Energy Diplomacy in the 21st Century


© photocredit


Energy is at the nexus of national security, economic prosperity and the environment. The Department of State’s work in national security, bilateral and multilateral diplomacy, commercial advocacy and development are widely affected by energy concerns.

The Bureau of Energy Resources integrates energy security interests into foreign policy decision making, putting energy diplomacy at the forefront of U.S. foreign policy along three pillars.

Energy Diplomacy

To identify opportunities for geostrategic cooperation through energy in interdependent markets, we:

Forge strong diplomatic relationships with major consumers and suppliers, anticipate the impacts of changing energy markets and leverage our role in energy-related international organizations as we recognize that energy disruptions anywhere can threaten economic growth everywhere.

Promote a stable and secure global energy economy by engaging foreign governments and the private sector to maintain the security of supply and pursue alternative energy options and diversification of energy types. Our efforts include effectively implementing sanctions as diplomatic tool.

Respond to major changes in natural gas markets as they impact current and future energy choices.

Energy World Of The Future

To stimulate the market forces that will sustain Energy Transformation in alternative energy, electricity development, and reconstruction, we: Foster the development of regional electricity grids and regulatory harmonization to create larger markets, enhance reliability and energy efficiency and facilitate integration and trade from clean energy sources and technologies. Encourage the establishment of financially viable electric power systems that can attract the huge private investment ($17 trillion by 2035) needed to meet growing electricity demands, especially in developing regions. Advance U.S. business partnerships for adoption and commercialization of efficient and innovative energy technologies for sustainable development.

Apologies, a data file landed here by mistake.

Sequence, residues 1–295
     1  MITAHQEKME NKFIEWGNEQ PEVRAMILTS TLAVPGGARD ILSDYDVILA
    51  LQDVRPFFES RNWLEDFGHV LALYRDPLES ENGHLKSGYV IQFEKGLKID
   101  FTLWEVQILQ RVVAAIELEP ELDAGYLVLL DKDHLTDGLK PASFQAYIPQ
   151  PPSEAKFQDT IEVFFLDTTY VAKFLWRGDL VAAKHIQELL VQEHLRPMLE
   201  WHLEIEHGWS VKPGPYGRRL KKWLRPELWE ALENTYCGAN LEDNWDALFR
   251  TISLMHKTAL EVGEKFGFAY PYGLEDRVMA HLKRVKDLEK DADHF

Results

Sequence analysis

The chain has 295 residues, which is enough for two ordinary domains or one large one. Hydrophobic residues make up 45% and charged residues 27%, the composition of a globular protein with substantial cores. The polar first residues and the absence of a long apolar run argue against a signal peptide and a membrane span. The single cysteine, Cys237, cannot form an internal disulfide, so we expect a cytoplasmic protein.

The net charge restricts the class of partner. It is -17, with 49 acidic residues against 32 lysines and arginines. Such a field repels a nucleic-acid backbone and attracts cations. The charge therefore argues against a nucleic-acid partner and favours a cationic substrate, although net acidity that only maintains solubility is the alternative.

Energy Governance and Access

To counter poverty and development issues due to lack of access to energy, poor resource management or both, we: Encourage responsible resource management by promoting global transparency standards, developing countries’ technical capacity and supporting accountable legal and regulatory regimes and sound financial management in line with international standards. Expand energy access through economic statecraft and partnerships with development agencies to help encourage creation of commercially viable models backed by private investment.


Sustainable Energy for All (SE4ALL): The U.S. is a key participant in the UN Secretary-General’s SE4ALL initiative, aimed at providing universal access to modern energy services by2030, while doubling the global rate of energy efficiency and the share of renewable energy.

U.S.-Asia-Pacific Comprehensive Energy Partnership: President Obama, along with the Chair of APEC and Chair of ASEAN, built this partnership to bring significant progress in addressing the needs of the estimated 387 million people in Asia without access to electricity.

Connecting the Americas 2022: An initiative to enhance electrical interconnections across the Western Hemisphere to achieve universal access in the next decade for 31 million people without electricity.

Power Africa: A public-private initiative to double access to power in sub-Saharan Africa, helping countries meet critical energy needs and achieve greater energy security, develop newly-discovered resources responsibly to maximize the benefits to their citizens, make needed energy sector reforms and expand power generation and transmission capacity.

Extractive Industries Transparency Initiative (EITI): The initiative promotes transparency and accountability in natural resource management for citizens. The process is managed in-country by a multi-stakeholder group of government, civil society and company representatives.


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